Monday’s announcement that the Griz will travel to Davidson (N.C.) on Feb. 23 for a BracketBusters game should be looked at as an opportunity for the Griz to improve their own RPI and that of the Big Sky in general, neither of which are good right now. The Griz have won 12 straight league games – 25 straight since last season – and are 16-4 overall, yet stand at just 118 in the latest RPI. Second-place Weber State is at 136 and the Big Sky stands 28th our of the 31 leagues getting automatic NCAA berths.
The game at Davidson will be played at 1 p.m. MST and televised on ESPNU.
Davidson is 10-1 in the Southern Conference and 15-7 overall. The Wildcats’ RPI, though, is only marginally better than Montana’s at 115.
“It is a concern,” Griz coach Wayne Tinkle said following the Grizzlies’ win at Eastern Washington on Saturday night. “We win two games at home and we drop 25 points two weeks ago. The answer is simple: The rest of the teams in the league need to win more D-I games. It’s easier said than done. When certain schools are asked to play four, maybe five, guarantee games, they can’t get opponents at home that they should beat. It’s a tough battle. But it starts there, to somehow get to where the rest of the league is winning games in the non-league. However they have to do it, it’ll really help our RPI.”
Should the league’s RPI drop low enough, the Big Sky champ might find itself in one of the first-round play-in games.
“I know what the commissioner’s concern is that we’re going to end up in the play-in game, not that that’s the end of the world,” Tinkle said. “The teams that are playing in that are in the NCAA tournament. I know it’s a concern from the conference office.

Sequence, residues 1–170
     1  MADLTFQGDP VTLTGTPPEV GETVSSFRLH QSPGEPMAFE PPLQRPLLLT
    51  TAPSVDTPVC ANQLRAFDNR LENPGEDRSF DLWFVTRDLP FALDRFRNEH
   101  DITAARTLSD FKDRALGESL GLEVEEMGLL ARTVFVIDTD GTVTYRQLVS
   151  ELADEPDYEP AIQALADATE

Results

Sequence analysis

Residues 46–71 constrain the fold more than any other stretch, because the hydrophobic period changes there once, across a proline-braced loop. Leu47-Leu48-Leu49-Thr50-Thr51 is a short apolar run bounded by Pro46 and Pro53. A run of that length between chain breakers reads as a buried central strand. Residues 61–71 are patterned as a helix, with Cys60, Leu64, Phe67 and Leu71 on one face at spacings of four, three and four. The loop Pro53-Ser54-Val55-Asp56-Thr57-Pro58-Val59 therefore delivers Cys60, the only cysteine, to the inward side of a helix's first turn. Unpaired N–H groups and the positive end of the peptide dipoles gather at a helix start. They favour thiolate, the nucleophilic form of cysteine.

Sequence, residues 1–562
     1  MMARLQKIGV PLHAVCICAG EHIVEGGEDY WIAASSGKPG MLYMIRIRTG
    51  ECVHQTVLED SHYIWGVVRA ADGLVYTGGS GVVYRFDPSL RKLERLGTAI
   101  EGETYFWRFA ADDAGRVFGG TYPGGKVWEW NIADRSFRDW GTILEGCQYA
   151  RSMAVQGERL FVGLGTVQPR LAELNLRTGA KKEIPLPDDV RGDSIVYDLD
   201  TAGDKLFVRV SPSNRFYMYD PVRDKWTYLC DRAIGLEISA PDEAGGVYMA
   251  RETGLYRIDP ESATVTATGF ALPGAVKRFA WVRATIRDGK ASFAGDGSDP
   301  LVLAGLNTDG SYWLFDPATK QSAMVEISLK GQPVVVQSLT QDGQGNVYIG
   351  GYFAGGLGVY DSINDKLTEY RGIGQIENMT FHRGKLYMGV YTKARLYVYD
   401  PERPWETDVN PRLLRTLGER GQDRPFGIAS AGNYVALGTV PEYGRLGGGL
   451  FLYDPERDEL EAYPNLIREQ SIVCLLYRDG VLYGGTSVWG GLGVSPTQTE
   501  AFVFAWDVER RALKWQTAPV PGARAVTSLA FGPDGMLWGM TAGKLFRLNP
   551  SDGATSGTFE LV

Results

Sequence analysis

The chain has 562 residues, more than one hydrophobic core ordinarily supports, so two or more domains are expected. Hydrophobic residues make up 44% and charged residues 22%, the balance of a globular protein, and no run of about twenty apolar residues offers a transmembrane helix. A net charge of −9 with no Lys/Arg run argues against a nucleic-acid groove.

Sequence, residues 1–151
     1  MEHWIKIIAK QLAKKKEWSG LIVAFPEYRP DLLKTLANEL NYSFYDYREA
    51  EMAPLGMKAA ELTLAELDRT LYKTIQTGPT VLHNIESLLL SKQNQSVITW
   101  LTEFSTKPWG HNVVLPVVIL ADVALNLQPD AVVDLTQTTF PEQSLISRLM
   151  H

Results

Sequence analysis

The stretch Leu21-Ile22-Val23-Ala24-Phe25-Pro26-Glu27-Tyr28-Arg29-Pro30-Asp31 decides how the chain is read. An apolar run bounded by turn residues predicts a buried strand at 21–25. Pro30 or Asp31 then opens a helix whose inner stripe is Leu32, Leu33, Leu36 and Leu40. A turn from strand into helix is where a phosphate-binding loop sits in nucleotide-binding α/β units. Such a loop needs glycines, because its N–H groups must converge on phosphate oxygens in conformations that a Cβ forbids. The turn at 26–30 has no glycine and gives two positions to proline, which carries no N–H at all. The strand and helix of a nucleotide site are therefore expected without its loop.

“You look at some leagues – and I’m not going to mention them by name – four or five years ago that were one-bid leagues and are now getting multiple teams in. Is it a little bit of a dream? Maybe, but with all the shifting and realignments and everything, if we can bump that up a little bit who’s to say in four or five years two teams from the Sky can’t go.”
The reason teams are asked to play multiple guarantee games is to kick back funds into the school’s athletic budget.
“The financial woes and the burdens that have been put on our athletic departments … we never used to have to play guarantee games,” Tinkle said in explaining the need to play guarantee games against bteams from more powerful conferences. “Now we have to play at least one for the school. Other schools have to play four, five or six just to help their athletic department’s budget.
“There are really good coaches in this league, top to bottom, really good. And really good players. But a lot of teams get beat up in the preseason, playing schedules that maybe they shouldn’t play. When they’re not winning games, teams aren’t able to build any confidence and I think that’s a big reason why we’re in the situation we are.”